Just a thought… If you plan everything in life, it means you’ll never experience something unexpected. [Anonymous]
Thanks for sharing a few minutes here today. Today, a suggestion on how you might like to spend a few hours….
Now that the Golden Globe nominations have been announced (airing Sunday, January 6th) I for one am going to make a point of seeing the titles and performances that have been given the most attention, just to find out what the fuss is about. We’re anxiously watching to see when The Favourite hits our area! Huge excitement over that one.
But another film that is getting a lot of applause is one that we have seen: Green Book, co-starring Moonlight‘s marvelous Mahershala Ali and Eastern Promises’ and Lord of the Rings’ Viggo Mortensen.
The five-time Golden Globe-nominated film (including nods for director and screenplay, as well as Ali and Mortensen) was a fan favourite at TIFF last September. It’s based on the true story of Doctor Donald Shirley, a wildly talented African-American pianist who decides to shrug off the (relatively) less racist climate of his New York City home, and tackle a concert tour in the 1962 US deep south.
Mortensen plays Tony “Lip” Vallelonga (so nicknamed for his BS talents), an out-of-work nightclub bouncer who is hired by Shirley’s record label to drive him and protect him during his tour. And that’s where we come to the movie’s title.
The Green Book was the name of a guide to establishments – more like sleezy motels – that black travellers could stay in “safely” while in the south, published by Victor H. Green & Co from 1936 to 1967. Don’t forget, these were the times when a person with dark skin couldn’t dine, sleep, swim or visit a washroom in the same places that white people could. Dr. Shirley gets himself into trouble simply for being black – regardless of his genius or numerous degrees – and for stepping outside the white lines and gradually he and Tony learn a lot more about each other than they see on the surface.
Don’t get me wrong: it’s not formulaic in the least. Some have called it Driving Miss Daisy in reverse (which would make for an awkward trip – all of that looking over your shoulder LOL) but it didn’t feel like that to us. And the fact that comedic director Peter Farrelly (Something About Mary and Dumb and Dumber) is at the helm means lots of sprinkles of laughter and light moments.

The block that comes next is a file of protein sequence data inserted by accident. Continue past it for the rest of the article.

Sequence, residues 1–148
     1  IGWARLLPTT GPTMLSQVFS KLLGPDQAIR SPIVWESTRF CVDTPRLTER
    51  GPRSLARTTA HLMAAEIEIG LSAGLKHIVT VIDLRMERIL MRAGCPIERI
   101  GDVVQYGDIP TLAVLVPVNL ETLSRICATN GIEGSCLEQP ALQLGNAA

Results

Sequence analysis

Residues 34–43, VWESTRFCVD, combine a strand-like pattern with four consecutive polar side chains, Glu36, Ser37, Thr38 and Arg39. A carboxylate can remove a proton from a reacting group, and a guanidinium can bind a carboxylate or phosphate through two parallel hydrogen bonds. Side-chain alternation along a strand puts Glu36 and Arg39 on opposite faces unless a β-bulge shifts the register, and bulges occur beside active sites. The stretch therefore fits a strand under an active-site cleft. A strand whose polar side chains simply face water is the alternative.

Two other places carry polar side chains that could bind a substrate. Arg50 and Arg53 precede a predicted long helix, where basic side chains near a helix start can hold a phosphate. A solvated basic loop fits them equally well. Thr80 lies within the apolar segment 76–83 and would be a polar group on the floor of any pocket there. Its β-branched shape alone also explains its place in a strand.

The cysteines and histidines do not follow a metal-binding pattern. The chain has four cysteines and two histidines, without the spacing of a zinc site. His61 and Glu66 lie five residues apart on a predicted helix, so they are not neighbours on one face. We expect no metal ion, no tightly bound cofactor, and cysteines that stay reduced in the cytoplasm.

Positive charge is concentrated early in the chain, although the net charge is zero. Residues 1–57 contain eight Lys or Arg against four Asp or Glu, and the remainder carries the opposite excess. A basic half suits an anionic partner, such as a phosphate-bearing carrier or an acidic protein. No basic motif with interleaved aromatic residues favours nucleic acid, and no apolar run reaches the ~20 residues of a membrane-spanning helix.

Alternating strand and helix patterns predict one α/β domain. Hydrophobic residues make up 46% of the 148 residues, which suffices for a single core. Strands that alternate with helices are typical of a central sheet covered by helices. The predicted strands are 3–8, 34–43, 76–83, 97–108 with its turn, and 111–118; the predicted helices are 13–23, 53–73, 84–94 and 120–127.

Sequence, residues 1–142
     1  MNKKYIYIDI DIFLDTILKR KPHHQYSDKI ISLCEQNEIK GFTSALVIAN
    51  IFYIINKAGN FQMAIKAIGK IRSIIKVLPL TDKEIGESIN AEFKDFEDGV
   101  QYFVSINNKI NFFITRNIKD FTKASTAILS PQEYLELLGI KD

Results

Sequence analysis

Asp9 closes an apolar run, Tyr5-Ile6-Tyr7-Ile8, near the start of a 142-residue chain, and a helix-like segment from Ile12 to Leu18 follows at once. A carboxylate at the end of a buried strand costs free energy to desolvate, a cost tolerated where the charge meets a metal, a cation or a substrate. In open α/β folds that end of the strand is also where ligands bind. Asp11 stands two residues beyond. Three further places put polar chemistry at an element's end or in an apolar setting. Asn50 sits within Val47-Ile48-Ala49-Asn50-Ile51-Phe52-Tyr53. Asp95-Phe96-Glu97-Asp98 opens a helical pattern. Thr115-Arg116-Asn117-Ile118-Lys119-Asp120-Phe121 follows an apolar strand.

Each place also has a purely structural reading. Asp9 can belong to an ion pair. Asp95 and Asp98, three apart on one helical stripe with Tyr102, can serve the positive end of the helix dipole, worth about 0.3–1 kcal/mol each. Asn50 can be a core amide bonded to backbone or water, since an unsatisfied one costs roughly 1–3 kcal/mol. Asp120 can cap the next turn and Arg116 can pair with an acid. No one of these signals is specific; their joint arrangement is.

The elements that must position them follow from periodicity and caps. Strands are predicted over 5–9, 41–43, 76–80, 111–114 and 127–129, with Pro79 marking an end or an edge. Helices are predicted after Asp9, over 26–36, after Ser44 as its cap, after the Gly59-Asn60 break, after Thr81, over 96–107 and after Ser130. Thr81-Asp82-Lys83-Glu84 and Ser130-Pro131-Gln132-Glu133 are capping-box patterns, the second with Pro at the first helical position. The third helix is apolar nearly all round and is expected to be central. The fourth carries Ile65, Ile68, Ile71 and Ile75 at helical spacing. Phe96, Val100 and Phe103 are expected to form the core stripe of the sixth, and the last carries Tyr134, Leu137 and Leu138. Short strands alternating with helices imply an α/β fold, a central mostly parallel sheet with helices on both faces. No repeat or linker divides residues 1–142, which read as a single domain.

It really is a gem and it’s no wonder this film has been getting accolades. It even got nominated in the Best Film COMEDY category in last week’s Golden Globe announcements. To me, that’s not a fit at all, but I guess the film’s producers choose to pitch to the category where they feel they have the best chance of winning.
As for performances, plenty of the real Tony Lip’s family are in the film (his son wrote it and is seen in it, too). The acting bug runs in the family: Tony himself appeared in several films including The Godfather and three seasons of The Sopranos! If you have time, your jaw will drop reading this story in the New York Post about the real Tony Vallelonga. His entire life could be a series or movie. What a journey!
If you can still find Green Book in a theatre, I highly recommend it. There are echoes of the return of overt racism that we’re seeing every day in the news and online, and like the trailer for Schindler’s List (which returns in a 25th anniversary edition this month), it’s a timely reminder that – to paraphrase – the only way for evil to triumph is for good people to do nothing.
Thanks for being here today and we’ll talk with you here tomorrow.